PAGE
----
Rodriguez subsequently presented the claim to the California Supreme Court, along with all of the additional exhibits that he filed with his supplemental traverse before this court. On July 15, 2009, the California Supreme Court summarily denied his habeas petition. On July 24, 2009, this court reopened the case, and noted that the state had not previously had an opportunity to address Rodriguez’s supplemental traverse on the merits. The court thus afforded the state an opportunity to file a supplemental opposition brief, and for Rodriguez to file a supplemental reply, which both parties did. ISSUE Rodriguez claims that his trial counsel provided ineffective assistance of counsel when she failed to adequately investigate and present testimony from numerous additional witnesses who would have supported Rodriguez’s defense. STANDARD OF REVIEW This court may entertain a petition for writ of habeas corpus “on behalf of a person in custody pursuant to the judgment of a state court only on the ground that he is in custody in violation of the Constitution or laws or treaties of the United States.” 28 U.S.C. § 2254(a). Because the petition in this case was filed after the effective date of the AEDPA, the provisions of that act apply here. See Lindh v. Murphy, 521 U.S. 320, 327 (1997). Under the AEDPA, a district court may not grant a petition challenging a state conviction or sentence on the basis of a claim that was reviewed on the merits in state court unless the state court’s adjudication of the claim: “(1) resulted in a decision that was contrary to, or involved an unreasonable application of, clearly established Federal law, as determined by the Supreme Court of the United States; or (2) resulted in a decision that was based on an unreasonable determination of the facts in light of the evidence presented in the State court proceeding.” 28 U.S.C. § 2254 (d). A state court decision is “contrary to” Supreme Court authority, falling within the first clause of § 2254(d)(1), only if “the state court arrives at a conclusion opposite to that

United States District Court

11
For the Northern District of California

12 13 14 15 16 17 18 19 20 21 22 23 24 25 26 27 28

14

Case4:04-cv-02233-PJH Document70

Filed06/01/11 Page15 of 40

1 2 3 4 5 6 7 8 9 10

reached by [the Supreme] Court on a question of law or if the state court decided a case differently than [the Supreme] Court has on a set of materially indistinguishable facts.” Williams v. Taylor, 529 U.S. 362, 412-413 (2000). “Clearly established federal law” under § 2254(d)(1) is the governing legal principle or principles set forth by the Supreme Court at the time the state court renders its decision.” Lockyer v. Andrade, 538 U.S. 63, 71-72 (2003). This “clearly established” law “refers to the holdings, as opposed to the dicta, of [Supreme] Court decisions as of the time of the relevant state court decision.” Id. “Under the ‘unreasonable application’ clause” of § 2254(d)(1), a federal habeas court may grant the writ if the state court identifies the correct governing legal principle from [the Supreme] Court’s decisions but unreasonably applies that principle to the facts of the prisoner’s case.” Id. at 74. However, this standard “requires the state court decision to be more than incorrect or erroneous.” Id. For the federal court to grant habeas relief, the state court’s application of the Supreme Court authority must be “objectively unreasonable.” Id. at 74-75. The “objectively unreasonable” standard is different from the “clear error” standard in that “the gloss of clear error fails to give proper deference to state courts by conflating error (even clear error) with unreasonableness.” Id. at 75; see also Clark v. Murphy, 331 F.3d 1062, 1068 (9th Cir. 2003). Therefore, “[i]t is not enough that a habeas court, in its independent review of the legal question, is left with a firm conviction that the state court was erroneous . . . Rather, the habeas court must conclude that the state court’s application of federal law was objectively unreasonable.” Andrade, 538 U.S. at 75; see also Clark, 331 F.3d at 1068. As for state court findings of fact, under § 2254(d)(2), a federal court may not grant a habeas petition by a state prisoner unless the adjudication of a claim on the merits by a state court resulted in a decision that was based on an unreasonable determination of the facts in light of the evidence presented in the state court proceeding. 28 U.S.C. § 2254(d)(2). The “clearly erroneous” standard of unreasonableness that applies in determining the “unreasonable application” of federal law under § 2254(d)(1) also applies in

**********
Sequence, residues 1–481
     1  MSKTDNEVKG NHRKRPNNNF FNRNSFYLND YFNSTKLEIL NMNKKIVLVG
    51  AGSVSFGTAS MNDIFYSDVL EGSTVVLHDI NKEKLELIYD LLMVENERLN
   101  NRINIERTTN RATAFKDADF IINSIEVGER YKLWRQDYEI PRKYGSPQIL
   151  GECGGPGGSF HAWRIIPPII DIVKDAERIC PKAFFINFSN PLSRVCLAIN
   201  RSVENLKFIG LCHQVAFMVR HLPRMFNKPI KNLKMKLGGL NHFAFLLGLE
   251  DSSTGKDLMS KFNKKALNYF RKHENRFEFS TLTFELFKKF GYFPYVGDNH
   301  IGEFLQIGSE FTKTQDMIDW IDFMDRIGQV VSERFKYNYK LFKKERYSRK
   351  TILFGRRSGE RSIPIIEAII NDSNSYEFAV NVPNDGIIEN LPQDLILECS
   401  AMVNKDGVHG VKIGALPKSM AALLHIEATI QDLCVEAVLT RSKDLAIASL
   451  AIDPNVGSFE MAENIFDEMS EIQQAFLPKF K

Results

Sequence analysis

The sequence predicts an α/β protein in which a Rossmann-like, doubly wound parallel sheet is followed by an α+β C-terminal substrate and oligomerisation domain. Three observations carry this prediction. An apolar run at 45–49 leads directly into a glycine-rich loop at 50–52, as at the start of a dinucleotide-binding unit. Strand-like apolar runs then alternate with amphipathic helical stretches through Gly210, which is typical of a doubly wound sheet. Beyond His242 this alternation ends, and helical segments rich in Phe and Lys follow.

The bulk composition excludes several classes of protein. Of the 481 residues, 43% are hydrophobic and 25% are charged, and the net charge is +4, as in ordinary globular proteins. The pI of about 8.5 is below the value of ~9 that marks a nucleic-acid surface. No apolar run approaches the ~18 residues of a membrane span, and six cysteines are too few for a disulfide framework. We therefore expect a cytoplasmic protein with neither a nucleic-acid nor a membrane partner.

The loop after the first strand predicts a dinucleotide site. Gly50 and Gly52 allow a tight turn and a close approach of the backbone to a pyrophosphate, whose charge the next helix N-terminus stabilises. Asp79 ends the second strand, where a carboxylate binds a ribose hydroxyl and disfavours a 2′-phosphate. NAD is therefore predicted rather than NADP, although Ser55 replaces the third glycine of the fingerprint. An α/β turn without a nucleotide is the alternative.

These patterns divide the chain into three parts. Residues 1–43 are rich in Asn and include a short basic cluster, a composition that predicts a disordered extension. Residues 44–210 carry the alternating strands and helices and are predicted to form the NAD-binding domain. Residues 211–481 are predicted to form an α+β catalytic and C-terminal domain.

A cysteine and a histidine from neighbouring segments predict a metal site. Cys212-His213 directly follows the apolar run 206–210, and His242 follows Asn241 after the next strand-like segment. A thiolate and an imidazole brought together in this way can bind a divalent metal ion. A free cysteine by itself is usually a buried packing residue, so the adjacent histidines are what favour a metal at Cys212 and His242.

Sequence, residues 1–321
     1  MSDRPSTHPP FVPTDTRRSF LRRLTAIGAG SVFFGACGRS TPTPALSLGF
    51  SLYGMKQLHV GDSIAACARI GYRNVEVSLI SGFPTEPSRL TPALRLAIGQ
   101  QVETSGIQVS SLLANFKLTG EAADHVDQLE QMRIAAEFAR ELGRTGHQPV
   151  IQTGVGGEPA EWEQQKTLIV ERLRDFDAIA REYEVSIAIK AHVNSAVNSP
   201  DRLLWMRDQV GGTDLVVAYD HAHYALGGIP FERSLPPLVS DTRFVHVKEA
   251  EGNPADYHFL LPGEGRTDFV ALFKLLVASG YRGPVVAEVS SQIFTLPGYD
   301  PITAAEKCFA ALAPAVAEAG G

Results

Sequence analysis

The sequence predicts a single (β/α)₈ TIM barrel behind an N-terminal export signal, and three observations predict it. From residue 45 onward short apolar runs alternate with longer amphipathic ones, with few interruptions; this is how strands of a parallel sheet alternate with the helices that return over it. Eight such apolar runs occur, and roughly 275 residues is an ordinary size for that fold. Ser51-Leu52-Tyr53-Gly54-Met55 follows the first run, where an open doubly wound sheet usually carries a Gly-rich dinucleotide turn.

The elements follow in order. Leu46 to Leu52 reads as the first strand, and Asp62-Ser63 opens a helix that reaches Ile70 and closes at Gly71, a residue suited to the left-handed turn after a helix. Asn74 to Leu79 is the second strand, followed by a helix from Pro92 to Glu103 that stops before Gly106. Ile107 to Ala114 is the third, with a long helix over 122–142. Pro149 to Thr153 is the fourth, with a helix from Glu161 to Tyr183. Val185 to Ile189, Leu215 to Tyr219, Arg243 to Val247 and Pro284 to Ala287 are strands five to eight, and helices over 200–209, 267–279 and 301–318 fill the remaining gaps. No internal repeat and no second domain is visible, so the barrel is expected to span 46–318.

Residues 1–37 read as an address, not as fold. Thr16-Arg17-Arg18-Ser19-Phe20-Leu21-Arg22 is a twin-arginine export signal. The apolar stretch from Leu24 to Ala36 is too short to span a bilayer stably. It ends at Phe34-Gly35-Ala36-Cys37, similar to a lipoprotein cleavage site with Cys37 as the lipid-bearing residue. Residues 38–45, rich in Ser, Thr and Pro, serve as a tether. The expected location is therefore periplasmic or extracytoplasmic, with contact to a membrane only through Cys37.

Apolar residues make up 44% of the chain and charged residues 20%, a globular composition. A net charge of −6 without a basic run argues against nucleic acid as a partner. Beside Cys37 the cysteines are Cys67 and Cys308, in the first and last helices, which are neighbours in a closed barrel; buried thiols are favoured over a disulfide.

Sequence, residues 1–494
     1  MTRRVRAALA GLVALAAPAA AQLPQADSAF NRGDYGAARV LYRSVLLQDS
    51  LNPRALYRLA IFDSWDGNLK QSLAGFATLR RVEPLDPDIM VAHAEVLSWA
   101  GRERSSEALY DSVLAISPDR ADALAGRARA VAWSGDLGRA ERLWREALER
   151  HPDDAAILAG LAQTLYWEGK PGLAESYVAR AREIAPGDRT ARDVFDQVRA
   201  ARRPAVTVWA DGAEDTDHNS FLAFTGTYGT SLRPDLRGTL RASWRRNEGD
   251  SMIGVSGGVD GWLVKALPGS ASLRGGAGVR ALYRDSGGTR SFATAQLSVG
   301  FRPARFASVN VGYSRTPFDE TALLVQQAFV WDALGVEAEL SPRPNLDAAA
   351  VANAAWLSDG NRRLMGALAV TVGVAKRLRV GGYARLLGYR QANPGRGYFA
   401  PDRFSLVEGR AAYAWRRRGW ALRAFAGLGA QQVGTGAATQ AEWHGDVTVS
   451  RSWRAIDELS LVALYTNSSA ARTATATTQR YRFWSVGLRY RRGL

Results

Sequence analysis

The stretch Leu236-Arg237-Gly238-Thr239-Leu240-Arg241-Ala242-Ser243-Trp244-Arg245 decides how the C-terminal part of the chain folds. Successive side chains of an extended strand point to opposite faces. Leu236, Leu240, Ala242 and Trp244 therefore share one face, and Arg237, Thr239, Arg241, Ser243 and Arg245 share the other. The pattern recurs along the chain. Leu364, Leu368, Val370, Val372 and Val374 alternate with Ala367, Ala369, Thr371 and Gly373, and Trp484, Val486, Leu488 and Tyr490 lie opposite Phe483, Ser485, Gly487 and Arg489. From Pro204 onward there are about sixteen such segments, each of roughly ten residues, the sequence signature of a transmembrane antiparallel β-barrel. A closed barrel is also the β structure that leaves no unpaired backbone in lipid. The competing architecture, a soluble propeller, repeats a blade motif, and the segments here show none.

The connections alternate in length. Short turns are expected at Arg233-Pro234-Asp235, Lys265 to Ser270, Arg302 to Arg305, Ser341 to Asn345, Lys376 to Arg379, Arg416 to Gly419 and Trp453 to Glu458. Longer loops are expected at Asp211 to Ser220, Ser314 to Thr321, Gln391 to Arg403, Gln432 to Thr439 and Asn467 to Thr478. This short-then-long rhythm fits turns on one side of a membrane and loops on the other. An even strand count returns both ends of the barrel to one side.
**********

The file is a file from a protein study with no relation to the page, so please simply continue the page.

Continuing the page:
United States District Court

11
For the Northern District of California

12 13 14 15 16 17 18 19 20 21 22 23 24 25 26 27 28

15

Case4:04-cv-02233-PJH Document70

Filed06/01/11 Page16 of 40

1 2 3 4 5 6 7 8 9 10